Joggers Live Longer

We have known for some time that jogging is good for your health.  It is one of the tried and true methods of staying in good physical shape.  And new data released from a long-term study in Copenhagen, Denmark backs that up in spades.


The Copenhagen City Heart study, which has been taking place since 1976, and followed nearly 20,000 men and women between the ages of 20 to 93. The goal of the study has been to increase the understanding of methods for preventing cardiovascular disease and stroke.  Researchers used the data from this study to compare the mortality rates of 1,116 males and 762 females who were listed as regular joggers with the rest of the people in the study. When the numbers were crunched, researchers found that risk of death was decreased by an average of 44% for joggers during the 35-year study. This works out to an increased longevity of roughly 6.4 years for those that jog regularly.


The largest increase in longevity came from those who jogged a modest amount (between one and 2.5 hours per week at a slow or average pace).  Researchers point out that people should put forth enough effort to feel slightly out of breath, though not to over-exert themselves.  They also point out that the indicated increased life expectancy can most likely be attributed to the multiple health benefits of jogging, including (but not limited to):

  • Increased heart function
  • Improved bone density
  • Improved immune function
  • Increased insulin sensitivity
  • Increased oxygen intake
  • Improved lipid profiles
  • Lowered blood pressure
  • Obesity prevention


It is always nice to see research reinforce existing practices for reducing the risk of cardiovascular disease and staying healthy.  Now you can rest assured that when you take to the trails, you just might be adding some extra time to your life.  So get to it!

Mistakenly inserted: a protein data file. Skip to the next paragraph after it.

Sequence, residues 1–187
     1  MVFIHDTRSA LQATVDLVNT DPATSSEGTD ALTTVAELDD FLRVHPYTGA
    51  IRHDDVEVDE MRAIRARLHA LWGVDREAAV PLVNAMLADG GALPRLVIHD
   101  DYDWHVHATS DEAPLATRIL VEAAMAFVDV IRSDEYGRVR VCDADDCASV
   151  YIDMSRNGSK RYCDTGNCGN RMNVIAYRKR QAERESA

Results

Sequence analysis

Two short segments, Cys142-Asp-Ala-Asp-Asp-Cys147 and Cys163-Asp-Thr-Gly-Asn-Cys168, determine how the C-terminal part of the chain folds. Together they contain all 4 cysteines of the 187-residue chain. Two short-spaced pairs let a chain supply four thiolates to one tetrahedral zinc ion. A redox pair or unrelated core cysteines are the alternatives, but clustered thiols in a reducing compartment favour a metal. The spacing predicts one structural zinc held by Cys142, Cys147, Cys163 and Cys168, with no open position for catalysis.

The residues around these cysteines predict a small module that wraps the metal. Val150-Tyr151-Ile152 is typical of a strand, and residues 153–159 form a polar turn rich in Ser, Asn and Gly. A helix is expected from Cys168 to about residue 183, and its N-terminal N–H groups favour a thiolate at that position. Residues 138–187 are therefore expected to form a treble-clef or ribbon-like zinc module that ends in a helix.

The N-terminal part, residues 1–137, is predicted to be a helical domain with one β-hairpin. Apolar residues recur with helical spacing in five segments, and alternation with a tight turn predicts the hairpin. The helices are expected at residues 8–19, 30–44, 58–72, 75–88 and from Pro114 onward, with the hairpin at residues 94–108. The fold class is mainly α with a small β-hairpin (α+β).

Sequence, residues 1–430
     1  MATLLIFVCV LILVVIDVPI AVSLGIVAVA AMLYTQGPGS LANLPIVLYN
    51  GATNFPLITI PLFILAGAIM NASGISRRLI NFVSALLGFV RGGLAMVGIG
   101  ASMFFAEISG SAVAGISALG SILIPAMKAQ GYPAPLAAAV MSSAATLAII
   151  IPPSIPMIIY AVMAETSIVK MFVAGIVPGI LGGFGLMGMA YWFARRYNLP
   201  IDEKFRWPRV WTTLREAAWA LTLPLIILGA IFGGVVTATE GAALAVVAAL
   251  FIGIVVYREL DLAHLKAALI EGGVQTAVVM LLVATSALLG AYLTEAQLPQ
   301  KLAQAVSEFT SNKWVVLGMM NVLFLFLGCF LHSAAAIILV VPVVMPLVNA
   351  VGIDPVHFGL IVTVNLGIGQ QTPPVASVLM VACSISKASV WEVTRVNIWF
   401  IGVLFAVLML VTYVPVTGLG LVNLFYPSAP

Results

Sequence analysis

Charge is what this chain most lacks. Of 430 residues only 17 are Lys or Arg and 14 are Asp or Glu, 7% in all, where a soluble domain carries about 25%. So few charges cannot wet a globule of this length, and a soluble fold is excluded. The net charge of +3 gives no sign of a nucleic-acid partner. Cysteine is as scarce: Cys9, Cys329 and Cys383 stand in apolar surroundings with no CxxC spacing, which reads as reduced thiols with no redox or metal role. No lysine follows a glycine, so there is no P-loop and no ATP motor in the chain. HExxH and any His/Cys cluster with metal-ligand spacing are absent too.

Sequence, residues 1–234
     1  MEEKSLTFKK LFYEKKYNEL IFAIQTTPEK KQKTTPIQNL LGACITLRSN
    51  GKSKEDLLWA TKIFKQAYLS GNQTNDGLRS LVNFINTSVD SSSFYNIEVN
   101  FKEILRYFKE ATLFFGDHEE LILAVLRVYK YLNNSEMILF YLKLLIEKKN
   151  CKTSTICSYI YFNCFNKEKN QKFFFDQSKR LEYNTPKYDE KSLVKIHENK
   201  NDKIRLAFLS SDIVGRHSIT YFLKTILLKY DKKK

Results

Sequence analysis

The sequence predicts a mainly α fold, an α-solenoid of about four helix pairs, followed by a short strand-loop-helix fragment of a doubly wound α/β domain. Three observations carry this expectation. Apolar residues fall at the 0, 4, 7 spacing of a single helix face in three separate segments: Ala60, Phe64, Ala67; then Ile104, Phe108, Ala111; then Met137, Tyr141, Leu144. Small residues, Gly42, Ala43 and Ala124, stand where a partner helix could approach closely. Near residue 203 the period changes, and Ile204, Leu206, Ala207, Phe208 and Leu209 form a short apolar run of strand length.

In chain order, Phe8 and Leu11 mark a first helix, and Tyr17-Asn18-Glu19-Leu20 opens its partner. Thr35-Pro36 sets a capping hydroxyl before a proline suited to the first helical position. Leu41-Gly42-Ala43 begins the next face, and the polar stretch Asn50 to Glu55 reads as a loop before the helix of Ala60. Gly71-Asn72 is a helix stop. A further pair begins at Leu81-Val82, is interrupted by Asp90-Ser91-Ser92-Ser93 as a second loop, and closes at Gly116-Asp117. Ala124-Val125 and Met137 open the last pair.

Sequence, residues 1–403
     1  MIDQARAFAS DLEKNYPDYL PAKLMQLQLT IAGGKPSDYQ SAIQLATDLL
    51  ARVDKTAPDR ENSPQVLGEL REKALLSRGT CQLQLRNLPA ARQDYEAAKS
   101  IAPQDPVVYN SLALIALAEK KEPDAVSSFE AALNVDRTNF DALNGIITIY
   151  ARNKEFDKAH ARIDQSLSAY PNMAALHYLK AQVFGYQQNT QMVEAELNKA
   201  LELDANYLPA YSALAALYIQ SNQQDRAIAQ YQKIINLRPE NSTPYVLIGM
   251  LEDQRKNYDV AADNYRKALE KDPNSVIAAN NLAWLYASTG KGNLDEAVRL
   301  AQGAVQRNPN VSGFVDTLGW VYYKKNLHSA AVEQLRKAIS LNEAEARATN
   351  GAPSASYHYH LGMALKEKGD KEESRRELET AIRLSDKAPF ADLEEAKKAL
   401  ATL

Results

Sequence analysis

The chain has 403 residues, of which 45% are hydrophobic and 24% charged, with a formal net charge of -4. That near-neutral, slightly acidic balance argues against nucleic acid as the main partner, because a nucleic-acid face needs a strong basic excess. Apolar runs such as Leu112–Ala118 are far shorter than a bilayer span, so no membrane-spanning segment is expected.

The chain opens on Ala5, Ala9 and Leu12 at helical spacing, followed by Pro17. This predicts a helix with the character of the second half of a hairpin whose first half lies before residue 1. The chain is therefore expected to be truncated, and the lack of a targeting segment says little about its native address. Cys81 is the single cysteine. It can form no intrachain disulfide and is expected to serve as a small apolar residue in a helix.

Berries Help Preserve Memory

Just about everyone loves to eat berries.  And why wouldn’t they?  They’re delicious!  But a recent study has found that berries may do more than just tickle our taste buds.

Elizabeth Devore, an instructor in medicine at Brigham and Woman’s Hospital and Harvard Medical School in Boston, lead a study which found that women who had the highest level of berry intake delayed cognitive aging by up to 2.5 years.  Devore attributes this boost in memory strength to the flavonoids found in the berries.

Flavonoids are a type of antioxidant found in many foods such as berries, citrus fruits, apples, tea, red wine and onions.  Flavonoids have been found in past research to help reduce the risk of diseases such as cancers, diabetes and even heart disease.  What makes the flavonoids found in berries special for memory is a particular type of flavonoid known as anthocyanidin.  This special flavonoid has the ability to cross from blood into the brain, and typically end up in the section of the brain associated with learning and memory.

If you think your ability to remember things is starting to get a little fuzzy, it may be time to add more berries to your diet.  Those little flavonoids can work wonders!

Longer Commutes May Pose Health Hazards

Nobody likes being stuck in traffic.  It often makes us frustrated, stressed out, late for work, wastes gas and is hard on your car.  Those of us with longer commutes typically suffer these side effects even more.  But did you know that these frustrating drives are actually bad for your physical health as well?


A study out of Washington University has recently confirmed a link between spending more time in your car and significant weight gain when compared to those who are able to walk or ride their bike to work.  While it is unclear as to the exact tie, most data points to those with longer commutes simply not burning as many calories by sitting for longer.


Previous studies have also linked extended periods of time sitting with increased risks of cancer, cardiovascular disease and early death.  Long commutes have also been linked with higher blood pressure due to the stresses of traffic.  With all of these discerning side effects of longer commutes combined, it is quite motivating to try and limit our commute times.  For those of us that don’t have a choice in the matter, doctors encourage you to try and find small pockets of time throughout the day to increase your physical activity.  Companies are also encouraged to allow and even promote physical activity breaks during work hours.


So next time you get behind the wheel for that long drive to work, try to start thinking of ways to incorporate more physical activity into your day, no matter how small.  It’s more important than ever!